Perhaps they are too preoccupied to answer that question. Maybe they are too busy with another, even more serious question:
What will Europe’s welfare-state dependents do when their governments stop feeding them?
As the European economic crisis continues and even grows deeper, the EU responds with measures that are anything from irrelevant to entirely counter-productive. The austerity policies that the EU and the ECB are forcing upon troubled member states belong in the latter category, right out at the edge of political sanity. Almost as ridiculously self-defeating is the new EU bailout scheme for deficit-ridden state governments. Referred to as a “rescue fund”, this program is going to buy treasury bonds from governments in order to keep the interest rates down on the loans that those governments have to take to cover their deficits.
This rescue fund has not yet been activated, but that could very well happen soon. EurActiv has the story:
Spanish Prime Minister Mariano Rajoy kept financial markets guessing yesterday (29 October) over whether he will seek a credit line from the eurozone’s rescue fund but said he would do so “when I think it is in the interests of Spain”. … [Italian Prime Minister Mario] Monti said it was vital that the European Central Bank’s bond-buying programme to support troubled states be activated, a strong hint that Spain should take the plunge, since he also said Italy did not need a bailout. “It is of paramount importance that the instrument is put to work, that it does not remain theoretical,” Monti said. Monti said earlier this month that if Spain were to request a credit line from the eurozone’s rescue fund, triggering ECB intervention, it would calm financial markets. While Rajoy maintained his ambiguity, he omitted previous demands to know more details of the ECB’s bond-buying plan before making up his mind.
The “rescue fund” is self-defeating and counter-productive for two reasons. First, it pumps out newly printed euros – i.e., increases money supply – at a time when demand for money is very low. The short-term effect of this is a depreciation pressure on the euro: when the euro falls vs. other big currencies, import prices start rising. This creates an import-price driven inflation threat at a time when the economy is at the trough of a recession.
Long term, printing money creates a domestic inflation pressure. It is unlikely that this will happen throughout the euro zone, but if this bailout scheme – sorry, “rescue fund” – is going to continue to buy, e.g., Spanish treasury bonds in perpetuity, the effect will be similar to that which has brought about dangerous levels of inflation in countries like Argentina and Venezuela.
Which brings us to the second reason why the rescue fund idea is self-defeating. The fund essentially promises to feed government spending with expanding money supply. (It is extremely unlikely that the fund can sustain for any period of time if funded by tax revenues.) The practical meaning of this is that welfare states like Greece, Spain, Portugal and Italy can continue to dole out entitlements – work-free income – to large groups of their citizens. These entitlements are then used to pay for daily expenses, which of course keeps consumer demand at a reasonable level. But the flip side is that the more people are allowed to remain on entitlements, the fewer people will participate in the work force. As fewer participate in the work force, there will be less production to go around, which means less supply compared to demand – an inflation driver right there – and fewer taxpayers.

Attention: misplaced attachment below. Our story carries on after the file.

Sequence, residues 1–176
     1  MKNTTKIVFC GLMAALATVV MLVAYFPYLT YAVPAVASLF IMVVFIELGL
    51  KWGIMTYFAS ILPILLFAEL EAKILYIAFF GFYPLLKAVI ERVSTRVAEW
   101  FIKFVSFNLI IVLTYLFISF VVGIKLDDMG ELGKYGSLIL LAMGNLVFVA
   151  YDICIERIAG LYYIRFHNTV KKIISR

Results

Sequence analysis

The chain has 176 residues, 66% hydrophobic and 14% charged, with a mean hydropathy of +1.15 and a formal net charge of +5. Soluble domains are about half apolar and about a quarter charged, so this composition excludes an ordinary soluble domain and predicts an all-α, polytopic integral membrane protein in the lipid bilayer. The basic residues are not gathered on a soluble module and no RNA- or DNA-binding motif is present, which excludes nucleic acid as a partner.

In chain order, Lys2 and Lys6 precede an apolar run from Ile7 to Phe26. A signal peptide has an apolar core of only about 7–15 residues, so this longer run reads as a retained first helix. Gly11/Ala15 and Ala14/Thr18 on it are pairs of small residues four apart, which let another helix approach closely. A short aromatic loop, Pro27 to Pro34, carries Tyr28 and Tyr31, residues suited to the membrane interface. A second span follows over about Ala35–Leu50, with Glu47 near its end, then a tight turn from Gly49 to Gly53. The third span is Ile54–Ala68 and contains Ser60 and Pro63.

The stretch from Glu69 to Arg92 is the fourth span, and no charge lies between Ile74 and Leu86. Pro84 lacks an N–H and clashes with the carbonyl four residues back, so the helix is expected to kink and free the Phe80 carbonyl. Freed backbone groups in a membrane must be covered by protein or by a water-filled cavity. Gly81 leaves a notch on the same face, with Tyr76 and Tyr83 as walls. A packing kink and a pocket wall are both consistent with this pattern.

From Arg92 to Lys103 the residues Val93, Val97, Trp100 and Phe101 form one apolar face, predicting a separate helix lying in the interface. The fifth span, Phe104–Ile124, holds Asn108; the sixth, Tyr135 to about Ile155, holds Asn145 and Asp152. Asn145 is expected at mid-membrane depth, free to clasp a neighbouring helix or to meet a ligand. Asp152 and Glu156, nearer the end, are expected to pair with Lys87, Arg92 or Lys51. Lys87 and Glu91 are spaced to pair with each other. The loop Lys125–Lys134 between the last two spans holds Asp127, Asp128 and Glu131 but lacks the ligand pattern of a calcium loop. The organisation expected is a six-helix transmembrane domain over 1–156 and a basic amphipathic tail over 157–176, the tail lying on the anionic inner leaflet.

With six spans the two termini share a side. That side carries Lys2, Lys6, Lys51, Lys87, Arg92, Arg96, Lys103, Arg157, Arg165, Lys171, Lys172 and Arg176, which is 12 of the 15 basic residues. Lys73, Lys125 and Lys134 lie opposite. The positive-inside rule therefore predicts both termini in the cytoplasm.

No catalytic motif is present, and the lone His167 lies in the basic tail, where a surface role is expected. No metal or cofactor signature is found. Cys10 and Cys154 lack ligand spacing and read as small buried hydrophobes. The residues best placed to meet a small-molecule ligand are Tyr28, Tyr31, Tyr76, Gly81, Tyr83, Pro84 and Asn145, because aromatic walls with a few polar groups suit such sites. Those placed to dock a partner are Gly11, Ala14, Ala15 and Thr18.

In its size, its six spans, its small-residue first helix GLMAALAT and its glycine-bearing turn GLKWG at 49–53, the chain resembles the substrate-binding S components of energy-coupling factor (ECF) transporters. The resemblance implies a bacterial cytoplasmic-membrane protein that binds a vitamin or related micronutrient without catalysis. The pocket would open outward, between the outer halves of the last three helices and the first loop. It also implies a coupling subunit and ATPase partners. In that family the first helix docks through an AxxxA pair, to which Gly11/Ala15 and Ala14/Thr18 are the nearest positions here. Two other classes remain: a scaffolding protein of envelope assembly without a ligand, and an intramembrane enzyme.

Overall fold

As the taxpaying population shrinks, whether in absolute or relative terms, the government’s need for more rescue-fund bailout cash persists and even increases. The EU digs itself into a hole of endless money supply expansion, and its only collateral will be treasury bonds that will be in such abundant supply that you would have to pay people to take them off your hands.
It is rather disturbing that the prime ministers of Italy and Spain can discuss the “rescue fund” so casually, without even hinting at any of the problems associated with it.
Perhaps they are blinded by the short-term effect on interest rates that this and similar schemes can have. EurActiv again:
Rome’s borrowing costs have fallen since July, partly due to the European Central Bank’s pledge to buy unlimited quantities of bonds if necessary to help states that request aid and accept strict conditions, but also on hopes that Monti may stay on after next year’s general election.
But, says the report, there are other factors at work that erode any gains from this reckless “rescue fund” commitment:
Italian and Spanish bond yields rose on Monday, partly due to uncertainty in the eurozone’s recession-stricken third and fourth largest economies. But Italy paid less than a month ago to sell €8 billion of six-month bill. The euro also slipped on doubts over whether Greece, the country that triggered Europe’s debt crisis, can agree to a deal on new austerity measures and its international lenders can figure out how to make its huge debts sustainable.